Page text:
How often should I fertilize my plant?

  • In general, house plants will thrive when they are fertilized spring through fall. Fertilize once a month with an organic houseplant fertilizer, following the package instructions for dilution and administration. Greenery NYC uses an organic potting mix with a slow release fertilizer in the soil, so your plant will not need fertilizer within the first 6 months of receiving it.

How often does my plant need to be repotted?

  • For smaller desktop plants, we suggest repotting once every 12-18 months. Typically you want to choose a potting vessel 1”- 2” larger in diameter to allow for growth. Don’t choose a pot much larger than the previous as this could drown the plant's roots. If you prefer to maintain the current size of your plant, repot into the same vessel, providing new soil and trimming away some roots and foliage. Spring or summer is the ideal time to repot as the plant is at its strongest.

Standard Planter Instructions

There are two types of standard planters offered by Greenery Unlimited—those with drainage holes, and those without. Within these two categories are an array of sizes and styles to choose from. The presence of drainage holes and the size of the planted vessel both play a role in the quantity and frequency of water given to your plant.

Plants purchased in pots without a drainage hole have been set up with a built-in drainage system. A layer of Aeration Stones (porous, absorbent material made of recycled clay) has been placed beneath the soil to act as a reservoir for any excess water that flows through the soil. You will need to be slightly more cautious not to pour too much water into these containers as there is no way for the excess water to escape. We suggest slowly pouring small amounts of water in bit by bit, until you have reached the desired moisture level in the soil.

For plants potted with drainage, water until the excess begins to come out the bottom of the pot and into the catch tray.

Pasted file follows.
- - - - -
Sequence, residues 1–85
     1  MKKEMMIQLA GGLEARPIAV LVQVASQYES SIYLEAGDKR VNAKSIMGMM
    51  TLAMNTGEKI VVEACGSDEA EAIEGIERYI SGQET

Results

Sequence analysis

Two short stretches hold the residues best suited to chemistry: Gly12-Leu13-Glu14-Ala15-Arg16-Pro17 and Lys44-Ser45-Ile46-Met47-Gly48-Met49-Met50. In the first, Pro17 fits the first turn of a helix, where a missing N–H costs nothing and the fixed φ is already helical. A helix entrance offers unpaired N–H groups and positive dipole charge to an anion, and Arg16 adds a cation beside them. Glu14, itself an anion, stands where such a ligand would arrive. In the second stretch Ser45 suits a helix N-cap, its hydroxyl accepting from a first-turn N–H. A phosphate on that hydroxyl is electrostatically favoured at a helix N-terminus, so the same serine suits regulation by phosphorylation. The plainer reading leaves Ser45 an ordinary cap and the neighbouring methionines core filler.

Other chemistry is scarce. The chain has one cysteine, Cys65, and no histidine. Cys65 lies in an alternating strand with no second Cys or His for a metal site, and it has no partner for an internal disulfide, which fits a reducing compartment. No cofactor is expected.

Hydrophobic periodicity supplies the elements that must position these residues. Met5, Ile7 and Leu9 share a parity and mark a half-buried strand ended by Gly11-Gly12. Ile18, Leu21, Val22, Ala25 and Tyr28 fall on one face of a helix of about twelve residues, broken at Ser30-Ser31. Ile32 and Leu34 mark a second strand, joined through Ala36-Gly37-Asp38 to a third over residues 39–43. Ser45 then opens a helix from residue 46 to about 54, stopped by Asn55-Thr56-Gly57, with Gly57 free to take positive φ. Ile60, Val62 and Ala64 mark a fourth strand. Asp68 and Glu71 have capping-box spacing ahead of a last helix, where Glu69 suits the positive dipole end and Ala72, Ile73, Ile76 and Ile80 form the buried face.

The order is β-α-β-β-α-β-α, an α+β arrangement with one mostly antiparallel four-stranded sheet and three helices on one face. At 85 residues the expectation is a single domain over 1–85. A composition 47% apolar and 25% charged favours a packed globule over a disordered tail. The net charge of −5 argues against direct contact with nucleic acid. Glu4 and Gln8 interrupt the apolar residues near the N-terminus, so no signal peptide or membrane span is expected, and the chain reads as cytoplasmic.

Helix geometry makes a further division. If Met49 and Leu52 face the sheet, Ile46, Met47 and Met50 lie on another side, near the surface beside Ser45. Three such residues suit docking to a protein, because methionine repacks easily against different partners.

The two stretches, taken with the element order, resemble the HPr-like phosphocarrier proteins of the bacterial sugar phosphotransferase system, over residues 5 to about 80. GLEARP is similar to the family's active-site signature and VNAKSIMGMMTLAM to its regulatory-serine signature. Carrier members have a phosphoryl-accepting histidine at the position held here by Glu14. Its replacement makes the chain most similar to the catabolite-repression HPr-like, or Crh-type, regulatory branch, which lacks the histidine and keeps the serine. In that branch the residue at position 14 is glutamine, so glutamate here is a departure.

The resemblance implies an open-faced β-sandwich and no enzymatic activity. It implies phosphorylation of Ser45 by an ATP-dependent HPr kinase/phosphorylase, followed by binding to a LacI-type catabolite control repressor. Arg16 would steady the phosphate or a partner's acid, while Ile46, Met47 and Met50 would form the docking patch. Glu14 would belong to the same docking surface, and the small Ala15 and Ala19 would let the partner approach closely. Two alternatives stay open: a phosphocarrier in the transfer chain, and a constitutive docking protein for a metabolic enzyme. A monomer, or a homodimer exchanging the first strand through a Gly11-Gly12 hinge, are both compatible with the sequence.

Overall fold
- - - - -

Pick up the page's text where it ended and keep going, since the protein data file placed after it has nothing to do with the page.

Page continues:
Self Watering Container Instructions

The self-watering containers require a deep and thorough watering of the topsoil after they are first placed. This is important because the roots of the plants first need to grow into the reservoir in order to drink from it. Follow the standard planter instructions for at least four weeks, before testing the reservoir. During the dormant seasons, or for plants that have slower growing habits, consider top watering for up to ten weeks. 

TEST: After the initial top water period, fill the water reservoir until the red indicator reaches half way between the MAX and MIN line. If the indicator goes down over the first few days, it means the plant is ready for regular reservoir servicing. If not, be sure to continue top watering for a few more weeks, until the red indicator goes down, meaning the plant has started drinking from the reservoir. 

RESERVOIR SERVICING: Once the indicator goes down, do not refill the reservoir right away. Similar to how humans need a breath of air between gulps of water, almost all plants require a drying out period. Always allow for the reservoir to empty all the way, and after a drying out period of a few days, be sure to refill it until the indicator reaches the MAX line.

From here on out, you should NEVER topwater the plant while using the reservoir system. If you water from the top, it can drown the plant. In the Self Watering Container, the top layer of soil will eventually become extremely dry and hard, and may even pull away from the edges of the pot. This is not a cause for concern, but simply because the plant is drinking directly from its roots in the water reservoir. You may opt for adding fresh soil into the gaps between the soil and planter, so as to give the plant a nutrient boost. You may annually, or bi annually, top water the plant to flush the foot system. Only do so when the reservoir is empty and the plant is ready for more water.